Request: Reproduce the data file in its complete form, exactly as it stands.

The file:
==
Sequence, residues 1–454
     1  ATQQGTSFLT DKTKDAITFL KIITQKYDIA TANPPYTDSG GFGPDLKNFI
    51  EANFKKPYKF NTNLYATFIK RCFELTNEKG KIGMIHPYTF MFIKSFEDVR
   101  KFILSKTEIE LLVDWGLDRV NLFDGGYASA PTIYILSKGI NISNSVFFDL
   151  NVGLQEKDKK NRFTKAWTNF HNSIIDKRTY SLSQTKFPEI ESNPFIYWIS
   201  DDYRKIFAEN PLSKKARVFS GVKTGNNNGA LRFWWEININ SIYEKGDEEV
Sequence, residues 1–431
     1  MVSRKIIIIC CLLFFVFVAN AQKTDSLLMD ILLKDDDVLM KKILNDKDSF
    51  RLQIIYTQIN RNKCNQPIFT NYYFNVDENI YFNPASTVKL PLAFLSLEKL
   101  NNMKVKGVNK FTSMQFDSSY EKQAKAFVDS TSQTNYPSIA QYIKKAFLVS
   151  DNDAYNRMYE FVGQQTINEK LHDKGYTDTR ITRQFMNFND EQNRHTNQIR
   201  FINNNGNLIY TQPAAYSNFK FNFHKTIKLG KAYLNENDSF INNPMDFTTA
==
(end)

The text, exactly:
Sequence, residues 1–454
     1  ATQQGTSFLT DKTKDAITFL KIITQKYDIA TANPPYTDSG GFGPDLKNFI
    51  EANFKKPYKF NTNLYATFIK RCFELTNEKG KIGMIHPYTF MFIKSFEDVR
   101  KFILSKTEIE LLVDWGLDRV NLFDGGYASA PTIYILSKGI NISNSVFFDL
   151  NVGLQEKDKK NRFTKAWTNF HNSIIDKRTY SLSQTKFPEI ESNPFIYWIS
   201  DDYRKIFAEN PLSKKARVFS GVKTGNNNGA LRFWWEININ SIYEKGDEEV
Sequence, residues 1–431
     1  MVSRKIIIIC CLLFFVFVAN AQKTDSLLMD ILLKDDDVLM KKILNDKDSF
    51  RLQIIYTQIN RNKCNQPIFT NYYFNVDENI YFNPASTVKL PLAFLSLEKL
   101  NNMKVKGVNK FTSMQFDSSY EKQAKAFVDS TSQTNYPSIA QYIKKAFLVS
   151  DNDAYNRMYE FVGQQTINEK LHDKGYTDTR ITRQFMNFND EQNRHTNQIR
   201  FINNNGNLIY TQPAAYSNFK FNFHKTIKLG KAYLNENDSF INNPMDFTTA